Wait, what? You can't be serious...
Let me make one thing clear at the very beginning. I do not "want" to trade A.J. Pollock. I enjoyed enormously watching him play center-field this season, and he would have been the most valuable player on the vast majority of teams in the majors. Take him off the Diamondbacks and we are a worse team, no doubt about it. But the two rules which should be the golden ones of trading in baseball are: a) Sell high, and b) Deal from positions of strength to address your positions of weakness.
There's no doubt that the Diamondbacks need starting pitching, and top-notch starting pitching at that. It seems unlikely they will be able to compete on the open market for the Zack Greinkes and David Prices this winter, and may end up having to overpay even for a second-tier agent - the case for and against John Lackey, for example, has already been made. The alternative is to trade for such a starter. But much though we'd like to believe otherwise we're not going to get one for Peter O'Brien and a gently-used Aaron Hill. No, if we want quality for the top of the rotation, the cost will be significant.
Indeed, if we want an All-Star caliber pitcher, it's not unreasonable to expect that we'll have to give up an All-Star caliber player in return. We had two All-Stars on the 2015 Diamondbacks, and even I would not be so delirious to suggest, even as a joke, trading the other one. [The San Diego Padres may feel differently] But Pollock for a genuine ace starting pitcher? Hmm. It has to be said, our outfield has enough depth that the benefit would likely outweigh the cost. And do we think Pollock will really be a seven WAR (7.4 bWAR, 6.6 fWAR) player going forward? If not, then his trade value will only go down, as his years of control decrease and age (28 next month) and cost go up.
Ok, I'm slightly intrigued. Who'd be interested?
Based on 2015 performance, he'd be an upgrade on just about any team bar the Angels [and, as an aside, I expect the draft this year to focus heavily on the new market inefficiency, center-fielders named after fish] But for some, Pollock would be an enormous improvement over what they got at the position this season. To try and figure out who'd be a good fit, I present to you the Pollock Trade Quotient or PTQ. It's based off this chart, showing how many wins above average teams were at each spot. We're looking for teams with strong SP and weak at CF, so the PTQ is WAA from starting pitching divided by two, minus the WAA from center. The top four teams by PTQ are as follows
1. Cardinals (PTQ 6.6). This was definitely a position of weakness for the Cardinals, though they still managed to win 100 games, even with most games being started in CF by John Jay, who hit .210 with a 56 OPS+. The current plan appears to be Tommy Pham, a 27-year-old rookie who did well enough, but still has less than 200 major-league PAs to his name. They certainly have pitching, with the likes of Michael Wacha or Carlos Martinez names who could provide a long-term solution in the Diamondbacks' rotation.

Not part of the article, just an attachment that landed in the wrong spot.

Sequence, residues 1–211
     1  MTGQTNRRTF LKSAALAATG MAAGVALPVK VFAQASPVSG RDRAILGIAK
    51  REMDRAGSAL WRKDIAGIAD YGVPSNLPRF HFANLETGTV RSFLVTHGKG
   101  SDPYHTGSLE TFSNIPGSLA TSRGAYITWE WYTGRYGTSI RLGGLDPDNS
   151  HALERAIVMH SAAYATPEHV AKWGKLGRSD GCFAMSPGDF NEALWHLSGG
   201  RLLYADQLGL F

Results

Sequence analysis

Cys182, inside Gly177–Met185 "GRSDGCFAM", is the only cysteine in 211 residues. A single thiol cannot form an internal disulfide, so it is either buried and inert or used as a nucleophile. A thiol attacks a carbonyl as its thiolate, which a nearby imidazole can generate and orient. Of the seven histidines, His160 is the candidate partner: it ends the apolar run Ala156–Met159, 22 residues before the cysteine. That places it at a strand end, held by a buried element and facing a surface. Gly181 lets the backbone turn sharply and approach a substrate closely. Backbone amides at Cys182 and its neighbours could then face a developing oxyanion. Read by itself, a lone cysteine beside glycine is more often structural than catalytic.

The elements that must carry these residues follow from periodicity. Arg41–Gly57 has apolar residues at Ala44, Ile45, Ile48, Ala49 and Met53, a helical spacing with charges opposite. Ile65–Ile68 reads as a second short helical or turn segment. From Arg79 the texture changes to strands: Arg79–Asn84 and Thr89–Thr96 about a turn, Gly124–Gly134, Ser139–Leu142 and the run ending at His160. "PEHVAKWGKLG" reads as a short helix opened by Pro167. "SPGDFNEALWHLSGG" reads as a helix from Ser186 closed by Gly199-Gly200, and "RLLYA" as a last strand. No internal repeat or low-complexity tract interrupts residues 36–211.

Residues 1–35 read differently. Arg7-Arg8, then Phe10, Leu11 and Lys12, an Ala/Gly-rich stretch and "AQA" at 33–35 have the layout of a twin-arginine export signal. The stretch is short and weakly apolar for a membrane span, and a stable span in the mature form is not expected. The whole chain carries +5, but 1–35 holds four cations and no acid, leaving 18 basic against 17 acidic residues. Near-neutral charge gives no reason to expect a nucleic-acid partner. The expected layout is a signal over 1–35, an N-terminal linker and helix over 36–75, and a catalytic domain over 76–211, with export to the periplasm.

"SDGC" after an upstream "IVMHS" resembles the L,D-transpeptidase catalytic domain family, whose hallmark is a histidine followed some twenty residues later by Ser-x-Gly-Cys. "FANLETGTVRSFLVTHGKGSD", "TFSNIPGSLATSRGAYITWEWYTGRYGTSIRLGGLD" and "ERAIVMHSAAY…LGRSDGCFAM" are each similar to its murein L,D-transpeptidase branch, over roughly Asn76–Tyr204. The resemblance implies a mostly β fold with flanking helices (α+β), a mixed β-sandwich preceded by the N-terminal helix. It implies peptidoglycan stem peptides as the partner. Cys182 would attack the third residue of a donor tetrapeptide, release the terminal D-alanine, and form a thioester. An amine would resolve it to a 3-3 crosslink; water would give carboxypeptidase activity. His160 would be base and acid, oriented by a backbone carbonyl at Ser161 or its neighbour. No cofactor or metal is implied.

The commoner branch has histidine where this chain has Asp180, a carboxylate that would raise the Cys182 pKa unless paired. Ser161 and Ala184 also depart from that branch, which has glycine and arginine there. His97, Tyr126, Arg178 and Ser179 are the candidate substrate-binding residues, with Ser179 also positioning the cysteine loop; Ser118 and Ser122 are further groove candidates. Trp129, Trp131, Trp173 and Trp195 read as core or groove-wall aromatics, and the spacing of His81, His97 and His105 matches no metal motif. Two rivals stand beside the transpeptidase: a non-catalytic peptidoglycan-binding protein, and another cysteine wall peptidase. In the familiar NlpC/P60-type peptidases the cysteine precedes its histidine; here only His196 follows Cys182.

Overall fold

2. Nationals (5.0). They'll be looking to reload rather than rebuild, under new manager Dusty Baker, and Michael Taylor was unimpressive in center for them, batting .229 with a 72 OPS+. The main problem here is a lack of cost-controlled pitching they could give up in exchange. Of those who started more than once, only Joe Ross, brother of the Padres' Tyson Ross, is younger than 27. While his numbers are decent, he showed signs of fatigue at the end of the season, and it would be a stretch to call him All-Star caliber at this point.
3. Dodgers (4.7). This is where the PTQ does fall apart, mostly because a large chunk of the Dodgers' score is due to Zack Greinke who is no longer a Dodger. Young pitching isn't exactly their forte either, though I have heard they've got this guy called Clayton something, who's showing promise... In CF, they'll probably give Joc Pederson every chance to fail, even though the drop-off in his performance would more accurately be called a plummet, as he hit below the Uecker Line from May on. And they have too many OF as is, Pederson being joined by Carl Crawford, Andre Ethier, Yasiel Puig and Scott Van Slyke.
4. Indians (3.6). I was surprised to realize that Cleveland actually finished above .500 this season. Not much of that was, however, due to their center-fielders, which started off as Michael Bourn and ended as Abraham Almonte, a 26-year-old who has been traded every year since 2013. They do have some decent arms, led by Corey Kluber, who won't be a free-agent until at least 2020. Danny Salazar and Carlos Carrasco are both also under long-term team control, rather than being rental pieces.
I also want to throw in the Mets, because we've seen what a powerhouse of young pitching they became in the playoff, riding the arms of Jacob deGrom, Matt Harvey and Noah Syndergaard all the way to a largely unexpected National League pennant. If only they had had a real center-fielder like A.J. Pollock, rather than Juan Lagares with his .289 OBP, six home-runs and complete inability to hit right-handed pitching (career OPS = .627). Let's just deal an All-Star for an All-Star, swap deGrom for Pollock and call it a day, shall we?
Oh, you're dreaming...
Probably, yeah. But one of the more sensible things Kevin Towers said, was that there was no such thing as an untouchable player. The Diamondbacks should be open to listening to offers for Pollock, although the bar is going to be very, very high. We're also in the positive position of not "having" to trade him: if nobody comes along with an offer we want to accept, that's perfectly fine as well. But with alternatives in the outfield of Ender Inciarte, David Peralta and perhaps an O'Brien/Yasmany Tomas rotation for right-handed balance, Pollock might just be the most valuable trade-chip the Diamondbacks have this winter.